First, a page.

Predicting the future climatic suitability for cocoa farming of the world’s leading producer countries, Ghana and Côte d’Ivoire
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- Läderach, P., Martinez-Valle, A., Schroth, G. et al. Climatic Change (2013) 119: 841. doi:10.1007/s10584-013-0774-8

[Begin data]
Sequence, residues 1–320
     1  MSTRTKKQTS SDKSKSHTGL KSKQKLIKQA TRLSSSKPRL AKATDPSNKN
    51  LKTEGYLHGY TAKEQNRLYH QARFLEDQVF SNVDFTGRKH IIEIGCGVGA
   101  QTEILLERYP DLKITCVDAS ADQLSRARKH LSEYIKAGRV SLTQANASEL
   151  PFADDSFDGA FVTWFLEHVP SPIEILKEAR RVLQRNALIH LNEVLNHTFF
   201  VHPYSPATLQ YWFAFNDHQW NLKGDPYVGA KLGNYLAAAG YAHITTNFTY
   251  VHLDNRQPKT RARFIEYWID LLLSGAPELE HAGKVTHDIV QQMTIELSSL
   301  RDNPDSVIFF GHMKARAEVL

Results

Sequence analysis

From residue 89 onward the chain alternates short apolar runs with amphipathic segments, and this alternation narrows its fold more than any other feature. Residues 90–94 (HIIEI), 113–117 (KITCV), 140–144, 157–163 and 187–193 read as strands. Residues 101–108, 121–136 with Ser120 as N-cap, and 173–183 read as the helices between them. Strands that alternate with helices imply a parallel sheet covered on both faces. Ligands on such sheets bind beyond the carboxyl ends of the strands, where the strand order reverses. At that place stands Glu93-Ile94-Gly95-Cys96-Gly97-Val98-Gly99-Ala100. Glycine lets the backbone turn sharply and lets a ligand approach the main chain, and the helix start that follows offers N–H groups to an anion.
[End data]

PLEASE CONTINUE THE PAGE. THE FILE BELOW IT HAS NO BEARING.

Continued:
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Ghana and Côte d’Ivoire are the world’s leading cocoa (Thebroma cacao) producing countries; together they produce 53 % of the world’s cocoa. Cocoa contributes 7.5 % of the Gross Domestic Product (GDP) of Côte d’Ivoire and 3.4 % of that of Ghana and is an important cash crop for the rural population in the forest zones of these countries. If progressive climate change affected the climatic suitability for cocoa in West Africa, this would have implications for global cocoa output as well as the national economies and farmer livelihoods, with potential repercussions for forests and natural habitat as cocoa growing regions expand, shrink or shift. The objective of this paper is to present future climate scenarios for the main cocoa growing regions of Ghana and Côte d’Ivoire and to predict their impact on the relative suitability of these regions for growing cocoa. These analyses are intended to support the respective countries and supply chain actors in developing strategies for reducing the vulnerability of the cocoa sector to climate change. Based on the current distribution of cocoa growing areas and climate change predictions from 19 Global Circulation Models, we predict changes in relative climatic suitability for cocoa for 2050 using an adapted MAXENT model. According to the model, some current cocoa producing areas will become unsuitable (Lagunes and Sud-Comoe in Côte d’Ivoire) requiring crop change, while other areas will require adaptations in agronomic management, and in yet others the climatic suitability for growing cocoa will increase (Kwahu Plateu in Ghana and southwestern Côte d’Ivoire). We recommend the development of site-specific strategies to reduce the vulnerability of cocoa farmers and the sector to future climate change.